Boating & Swimming: Kayaking and sailing are very popular activities at Antelope Island in the summertime. The island even has a marina that provides full service to sailors and boaters. And despite the water’s occasional sulfur smells, people enjoy sunbathing on the beaches and swimming in the salty water. At 12% salinity (much saltier than the ocean), the water allows you to float right on it without a flotation device! There are freshwater showers at the bathrooms so you don’t need to take that salty water home with you.
Photography: If you’re a sunset chaser or an avid bird photographer, Antelope Island is the jackpot for these types of photography. The reflections of the mountains and sunset colors off the lake create a mirroring effect for mind-blowing sunrise or sunset shots. And with more bird species than any one person can count, the island is a perfect setup with tree-less views.
Nighttime photography: Let’s not forget one of the coolest types of photography – nighttime photography! Antelope Island was officially designated as an International Dark Sky Park in 2017 by the International Dark Sky Association, meaning it has world-class dark skies with minimal light pollution, providing an incredible opportunity to capture the stars, planets and Milky Way.
What is Frary Peak?
Frary Peak is the tallest point on Antelope Island, at 6,596 feet. It’s a strenuous day hike that will provide the most expansive views of the Great Salt Lake and the island.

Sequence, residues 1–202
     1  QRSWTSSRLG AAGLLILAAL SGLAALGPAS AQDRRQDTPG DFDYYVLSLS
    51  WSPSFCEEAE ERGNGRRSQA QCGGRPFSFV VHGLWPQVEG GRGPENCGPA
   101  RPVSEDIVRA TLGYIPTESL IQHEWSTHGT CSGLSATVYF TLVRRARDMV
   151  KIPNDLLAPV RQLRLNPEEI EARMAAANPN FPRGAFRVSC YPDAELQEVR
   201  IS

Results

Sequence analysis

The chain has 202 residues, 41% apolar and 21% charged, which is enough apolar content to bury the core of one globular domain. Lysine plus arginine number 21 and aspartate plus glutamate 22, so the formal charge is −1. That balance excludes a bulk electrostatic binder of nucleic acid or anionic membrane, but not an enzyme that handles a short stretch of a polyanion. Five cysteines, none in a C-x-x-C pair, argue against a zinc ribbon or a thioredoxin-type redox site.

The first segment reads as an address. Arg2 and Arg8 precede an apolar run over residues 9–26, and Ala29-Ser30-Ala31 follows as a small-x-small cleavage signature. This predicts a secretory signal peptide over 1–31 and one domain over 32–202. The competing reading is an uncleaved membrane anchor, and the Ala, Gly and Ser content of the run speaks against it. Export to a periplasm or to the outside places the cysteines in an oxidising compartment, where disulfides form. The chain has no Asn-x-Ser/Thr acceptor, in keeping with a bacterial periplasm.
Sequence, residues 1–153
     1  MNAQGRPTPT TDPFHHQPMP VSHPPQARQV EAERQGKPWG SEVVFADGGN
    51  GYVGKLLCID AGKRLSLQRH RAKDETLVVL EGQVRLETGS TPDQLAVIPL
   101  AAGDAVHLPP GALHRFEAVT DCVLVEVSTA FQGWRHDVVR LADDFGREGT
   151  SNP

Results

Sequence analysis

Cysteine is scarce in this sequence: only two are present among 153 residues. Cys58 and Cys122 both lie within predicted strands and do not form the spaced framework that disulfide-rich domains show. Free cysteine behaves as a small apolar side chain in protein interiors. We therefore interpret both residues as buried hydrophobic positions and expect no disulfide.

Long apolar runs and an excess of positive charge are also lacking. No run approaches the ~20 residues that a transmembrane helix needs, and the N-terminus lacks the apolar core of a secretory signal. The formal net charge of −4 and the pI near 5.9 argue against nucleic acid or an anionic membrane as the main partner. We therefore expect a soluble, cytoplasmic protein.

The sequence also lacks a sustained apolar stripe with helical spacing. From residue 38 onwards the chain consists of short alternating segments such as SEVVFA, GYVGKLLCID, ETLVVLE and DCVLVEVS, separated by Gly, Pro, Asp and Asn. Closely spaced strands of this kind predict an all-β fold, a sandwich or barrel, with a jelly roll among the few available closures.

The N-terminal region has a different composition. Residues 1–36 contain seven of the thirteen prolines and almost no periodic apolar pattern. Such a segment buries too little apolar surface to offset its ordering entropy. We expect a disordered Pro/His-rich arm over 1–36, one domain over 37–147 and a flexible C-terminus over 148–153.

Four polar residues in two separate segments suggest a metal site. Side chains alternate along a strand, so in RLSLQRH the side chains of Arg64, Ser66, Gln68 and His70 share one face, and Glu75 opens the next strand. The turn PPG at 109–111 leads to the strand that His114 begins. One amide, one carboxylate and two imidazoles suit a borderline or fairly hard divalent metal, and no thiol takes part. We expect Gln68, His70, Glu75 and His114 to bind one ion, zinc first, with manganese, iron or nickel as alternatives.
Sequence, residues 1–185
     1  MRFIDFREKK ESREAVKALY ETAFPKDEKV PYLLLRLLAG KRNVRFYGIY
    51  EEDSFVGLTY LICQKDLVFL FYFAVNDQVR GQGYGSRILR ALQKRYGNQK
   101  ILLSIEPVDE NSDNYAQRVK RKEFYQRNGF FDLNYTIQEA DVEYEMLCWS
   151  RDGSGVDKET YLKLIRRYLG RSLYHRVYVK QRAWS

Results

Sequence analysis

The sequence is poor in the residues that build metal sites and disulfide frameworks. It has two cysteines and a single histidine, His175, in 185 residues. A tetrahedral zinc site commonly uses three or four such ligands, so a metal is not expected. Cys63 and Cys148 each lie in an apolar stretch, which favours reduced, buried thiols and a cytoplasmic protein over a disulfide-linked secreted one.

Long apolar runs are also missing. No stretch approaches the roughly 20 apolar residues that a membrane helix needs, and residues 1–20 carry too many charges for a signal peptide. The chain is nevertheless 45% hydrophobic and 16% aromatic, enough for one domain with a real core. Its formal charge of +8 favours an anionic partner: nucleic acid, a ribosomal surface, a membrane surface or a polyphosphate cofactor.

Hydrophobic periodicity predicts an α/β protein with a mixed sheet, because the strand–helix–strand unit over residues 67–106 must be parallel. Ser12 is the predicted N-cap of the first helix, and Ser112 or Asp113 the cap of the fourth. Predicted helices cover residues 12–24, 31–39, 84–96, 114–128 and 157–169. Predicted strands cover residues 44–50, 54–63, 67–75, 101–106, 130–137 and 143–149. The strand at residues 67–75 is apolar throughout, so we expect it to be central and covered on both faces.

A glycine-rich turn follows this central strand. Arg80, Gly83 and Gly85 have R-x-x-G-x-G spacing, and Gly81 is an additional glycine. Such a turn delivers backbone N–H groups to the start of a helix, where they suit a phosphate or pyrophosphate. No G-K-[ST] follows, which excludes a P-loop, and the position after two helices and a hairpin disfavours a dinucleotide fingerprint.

Frary Peak Quick Facts
– Mileage: 6.6 miles out & back
– Elevation gain: 2,100 ft
– Hiking time: 5-6 hours
– Multi-use: Hiking only
– Dogs are allowed on leash
– Fee: $15 park entrance fee
Make sure to check the weather forecast before climbing Frary Peak. Not only does it have no tree coverage, but it’s on an island in a lake, maximizing exposure to wind and the elements.
What Animals Are On Antelope Island?
One of the most common animals you’ll see on Antelope Island is the American Bison. They are huge and there are approximately 900 of them roaming around everywhere! Which is funny, given it’s named Antelope Island. You may see antelopes, but they are a little more rare to see than coyotes, pronghorn, bighorn sheep, and elk. And thanks to the lake’s marshes, there are loads of different types of birds that migrate here.
There are so many types of birds on the island that instead of listing them all, I’ll direct you to this PDF of all the birds! Popular ones include the chukar, gull, a variety of shorebirds, raven, black-billed magpie, several species of blackbirds, and so many more. Avid bird watchers can visit the federally managed Bear River Bird Refuge or the state’s Farmington Bay Waterfowl Management area, both located on the island.
Map of Antelope Island
How to Get to Antelope Island